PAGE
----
PortEconomics member Michaël Dooms moderated a webinar on port-city governance for the AIVP-Association Internationale Villes et Ports (International Association of Port-Cities), on Wednesday, March 31st, 2021.
Increasing attention is needed for the Social License to Operate of port clusters, in particular in the context of economic and energy transition. As any port expansion or (re-) development project, the implementation of these strategies are in need of environmental and construction permits. Notwithstanding the sustainability impact of these projects at the macro-economic level, local and regional communities continue to contest these port projects based on the local negative externalities they generate. These stakeholders have become more vocal, more engaged, in a context where more information is available through online resources, and the rise of ‘citizen science’. While many port managing bodies have ‘ticked’ the boxes under the form of stakeholder inclusion within the formulation of port master plans, visions, and projects, we claim that there is a need to “shift gears” as despite these efforts a lot of conflict remains on the port-city interface, and towards local communities in particular. Recent research also shows that practices or even governance tools, such as sustainability reporting as well as a consistent measuring of the social license to operate strength are not widely applied by ports.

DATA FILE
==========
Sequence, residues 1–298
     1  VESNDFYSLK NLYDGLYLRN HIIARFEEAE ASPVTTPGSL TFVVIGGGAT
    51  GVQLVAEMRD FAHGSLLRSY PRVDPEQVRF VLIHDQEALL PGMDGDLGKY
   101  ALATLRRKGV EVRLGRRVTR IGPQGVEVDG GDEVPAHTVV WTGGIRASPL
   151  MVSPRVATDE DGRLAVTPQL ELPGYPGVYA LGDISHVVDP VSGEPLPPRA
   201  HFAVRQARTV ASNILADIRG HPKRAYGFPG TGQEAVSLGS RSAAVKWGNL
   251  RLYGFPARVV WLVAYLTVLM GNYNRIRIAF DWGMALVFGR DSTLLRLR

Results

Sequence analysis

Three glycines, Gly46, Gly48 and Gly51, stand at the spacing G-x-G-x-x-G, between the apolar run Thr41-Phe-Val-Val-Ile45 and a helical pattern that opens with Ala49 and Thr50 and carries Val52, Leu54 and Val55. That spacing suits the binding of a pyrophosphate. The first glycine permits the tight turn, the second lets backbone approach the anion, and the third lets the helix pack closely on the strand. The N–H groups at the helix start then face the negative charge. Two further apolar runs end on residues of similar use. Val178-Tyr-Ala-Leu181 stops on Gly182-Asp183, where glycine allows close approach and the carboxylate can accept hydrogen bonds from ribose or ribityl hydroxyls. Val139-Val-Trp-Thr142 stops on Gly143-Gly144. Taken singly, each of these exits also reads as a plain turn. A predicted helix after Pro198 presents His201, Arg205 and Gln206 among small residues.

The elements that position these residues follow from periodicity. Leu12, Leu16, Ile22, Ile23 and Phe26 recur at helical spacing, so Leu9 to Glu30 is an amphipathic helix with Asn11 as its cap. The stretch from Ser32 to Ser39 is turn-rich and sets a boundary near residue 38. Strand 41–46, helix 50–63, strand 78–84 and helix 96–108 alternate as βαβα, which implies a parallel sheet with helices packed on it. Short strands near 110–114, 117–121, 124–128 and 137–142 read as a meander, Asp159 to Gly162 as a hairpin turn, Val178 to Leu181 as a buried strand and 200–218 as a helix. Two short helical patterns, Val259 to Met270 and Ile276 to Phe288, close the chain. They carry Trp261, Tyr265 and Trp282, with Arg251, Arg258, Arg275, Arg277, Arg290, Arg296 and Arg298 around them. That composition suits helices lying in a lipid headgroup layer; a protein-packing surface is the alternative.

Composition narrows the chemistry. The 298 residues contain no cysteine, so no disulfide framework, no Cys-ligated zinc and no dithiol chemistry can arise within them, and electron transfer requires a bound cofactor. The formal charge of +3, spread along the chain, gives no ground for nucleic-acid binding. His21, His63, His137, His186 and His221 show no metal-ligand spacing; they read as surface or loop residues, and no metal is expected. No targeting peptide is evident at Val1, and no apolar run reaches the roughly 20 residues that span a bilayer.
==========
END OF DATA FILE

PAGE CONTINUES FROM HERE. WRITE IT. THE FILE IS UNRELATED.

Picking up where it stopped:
This webinar is based on practical testimonials of ports at the frontier of these developments and provided the first elements of answers to questions such as:
1. How to measure the success of stakeholder inclusion strategies?
2. Which is/are the practices which have contributed the most to strengthening the Social License to Operate, and why?
3. Given the basic premise of co-creation of societal value in ports, i.e. mostly private companies using port land through concessions, how do you sensitize the private actors to also consider the local community perspective?
4. What is the impact of the COVID19 pandemic on stakeholder inclusion practices?
Panelists were dr. Claire Charbit, Head of the Territorial Dialogues and Migration Unit at the OECD Centre for Entrepreneurship, SMEs, Regions and Cities; Paula Copeland, director of communications and corporate social responsibility at Port Saint John (New Brunswick, Canada), and Alistair Gale, director of corporate affairs at the Port of London Authority (PLA).
PortEconomics resources related to the subject are available here:
- An exploration of social license to operate (SLTO) measurement in the port industry: the case of North America
- Determinants of sustainability reporting in the present institutional context: the case of port managing bodies
- Stakeholder Management for port sustainability: moving from ad-hoc to structural approaches